As of the afternoon on Saturday, May 30 there were 587,777 cases recorded across the Middle East. Turkey and Iran have the most coronavirus cases with 162,120 and 146,668 respectively. In many countries cases continue to climb, especially in the Gulf, Iraq and Egypt. Total deaths in the region, from morocco to Iran, come to 15,519.
The Middle East has had relatively low numbers of the virus, especially in the early days of the outbreak. However those number have been climbing, especially as better testing methods came on line in places like the Gulf. Many countries that are in the midst of conflict or have low testing rates continue to claim low numbers that may not be accurate. For instance, Oman has more than 9,800 cases and 42 deaths while neighboring Yemen claims to have only 283 cases and 65 deaths. Yemen is in the midst of civil war and the numbers are likely much higher. Similarly Libya claims only 118 cases, but international organizations provide no support to help Libya conduct widespread testing and the country is in the midst of a civil war.
There are low rates in countries bordering Israel, including Syria, Jordan, Lebanon and the Palestinian territories. There are only 730 recorded cases in Jordan. These countries have seen cases grow relatively slowly in the last two weeks. Lebanon’s numbers increased only 22%, from 911 to 1,172. The Palestinian Authority says it has only 447 cases versus 381 on May 18.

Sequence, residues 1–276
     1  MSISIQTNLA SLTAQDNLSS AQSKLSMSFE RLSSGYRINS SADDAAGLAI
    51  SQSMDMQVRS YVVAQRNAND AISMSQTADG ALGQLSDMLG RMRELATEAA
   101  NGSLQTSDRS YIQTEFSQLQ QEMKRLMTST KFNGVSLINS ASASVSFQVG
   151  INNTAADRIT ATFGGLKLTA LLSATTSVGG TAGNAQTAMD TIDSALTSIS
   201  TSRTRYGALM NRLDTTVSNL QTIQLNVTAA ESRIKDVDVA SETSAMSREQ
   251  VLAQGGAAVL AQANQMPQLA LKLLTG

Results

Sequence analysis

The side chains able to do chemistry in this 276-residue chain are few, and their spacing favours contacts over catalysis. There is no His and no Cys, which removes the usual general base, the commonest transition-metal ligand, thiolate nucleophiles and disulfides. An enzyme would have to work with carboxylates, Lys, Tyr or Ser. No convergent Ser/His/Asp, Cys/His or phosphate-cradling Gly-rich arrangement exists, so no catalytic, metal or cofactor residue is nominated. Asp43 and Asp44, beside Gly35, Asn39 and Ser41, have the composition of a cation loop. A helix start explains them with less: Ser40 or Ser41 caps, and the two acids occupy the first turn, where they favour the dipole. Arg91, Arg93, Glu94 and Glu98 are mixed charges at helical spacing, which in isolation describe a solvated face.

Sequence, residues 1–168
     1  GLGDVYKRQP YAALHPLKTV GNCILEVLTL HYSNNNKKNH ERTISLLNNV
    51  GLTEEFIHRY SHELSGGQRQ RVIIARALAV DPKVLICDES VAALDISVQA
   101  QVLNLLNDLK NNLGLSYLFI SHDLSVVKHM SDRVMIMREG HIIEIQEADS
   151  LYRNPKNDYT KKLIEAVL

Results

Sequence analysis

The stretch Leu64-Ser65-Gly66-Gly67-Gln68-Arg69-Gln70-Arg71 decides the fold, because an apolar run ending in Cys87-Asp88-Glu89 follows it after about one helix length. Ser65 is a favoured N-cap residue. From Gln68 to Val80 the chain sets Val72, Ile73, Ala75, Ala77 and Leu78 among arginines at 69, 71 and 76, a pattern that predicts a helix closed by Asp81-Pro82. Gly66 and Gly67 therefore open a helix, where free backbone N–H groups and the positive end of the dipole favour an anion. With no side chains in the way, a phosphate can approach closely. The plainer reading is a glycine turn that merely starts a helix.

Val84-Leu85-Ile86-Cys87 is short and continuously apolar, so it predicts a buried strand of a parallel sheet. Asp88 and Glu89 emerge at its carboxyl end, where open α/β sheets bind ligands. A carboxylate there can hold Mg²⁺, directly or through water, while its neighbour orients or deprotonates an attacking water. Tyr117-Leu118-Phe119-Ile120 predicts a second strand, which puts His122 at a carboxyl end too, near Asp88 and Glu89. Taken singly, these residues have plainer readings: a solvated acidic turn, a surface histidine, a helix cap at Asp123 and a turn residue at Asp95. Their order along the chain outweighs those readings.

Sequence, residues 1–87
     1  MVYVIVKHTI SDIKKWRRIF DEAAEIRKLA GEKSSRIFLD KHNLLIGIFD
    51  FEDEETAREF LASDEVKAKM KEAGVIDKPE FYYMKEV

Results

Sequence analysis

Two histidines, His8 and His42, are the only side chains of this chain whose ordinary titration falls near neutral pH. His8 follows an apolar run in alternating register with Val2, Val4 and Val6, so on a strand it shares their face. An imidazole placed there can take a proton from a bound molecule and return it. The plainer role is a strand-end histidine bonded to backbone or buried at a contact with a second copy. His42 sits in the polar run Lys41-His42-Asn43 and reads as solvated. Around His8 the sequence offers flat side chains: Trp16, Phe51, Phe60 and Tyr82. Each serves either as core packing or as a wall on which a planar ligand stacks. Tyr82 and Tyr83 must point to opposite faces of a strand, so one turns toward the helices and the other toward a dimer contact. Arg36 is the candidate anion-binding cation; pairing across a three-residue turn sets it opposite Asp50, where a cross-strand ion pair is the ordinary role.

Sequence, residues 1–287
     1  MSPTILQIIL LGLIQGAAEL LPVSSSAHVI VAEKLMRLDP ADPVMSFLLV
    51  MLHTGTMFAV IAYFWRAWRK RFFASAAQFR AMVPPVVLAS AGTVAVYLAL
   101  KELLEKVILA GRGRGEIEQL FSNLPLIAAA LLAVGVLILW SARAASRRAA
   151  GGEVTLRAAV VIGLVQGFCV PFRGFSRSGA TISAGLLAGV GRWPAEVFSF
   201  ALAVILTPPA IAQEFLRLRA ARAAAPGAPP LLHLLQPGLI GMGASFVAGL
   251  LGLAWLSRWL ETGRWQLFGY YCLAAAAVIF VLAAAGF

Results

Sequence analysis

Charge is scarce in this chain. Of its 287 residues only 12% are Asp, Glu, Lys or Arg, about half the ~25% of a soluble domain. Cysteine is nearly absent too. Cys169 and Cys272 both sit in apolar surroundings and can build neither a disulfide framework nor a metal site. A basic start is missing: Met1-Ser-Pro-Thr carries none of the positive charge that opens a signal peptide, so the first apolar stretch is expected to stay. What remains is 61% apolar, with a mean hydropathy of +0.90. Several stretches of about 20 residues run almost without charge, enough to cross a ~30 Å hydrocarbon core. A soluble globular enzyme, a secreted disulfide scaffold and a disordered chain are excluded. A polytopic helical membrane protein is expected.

Turkey and Iran are the worst hit, with almost 4,500 dead in Turkey and more than 7,000 killed in Iran from the pandemic. However Turkey and Iran have appeared to slow the spread in recent weeks and Iran is seeking to re-open mosques as Turkey also seeks to relax restrictions. In contrast Baghdad has sought to increase measures against the pandemic as numbers rose.
In North Africa it is Tunisia that has done best against the virus, with just over 1,000 cases. Morocco has more than 7,000 cases and Algeria stood at 9,134 today. Algeria has also seen almost 1,000 deaths while Tunisia saw 48.
The Gulf states have a high number of cases per capita, with more than 50,000 cases in Qatar and 33,170 in the UAE. However most of these states have a very low death toll. In Bahrain, despite more 10,400 cases, fifteen deaths were recorded. Better health care systems and testing likely was responsible for the outcome in the Gulf States.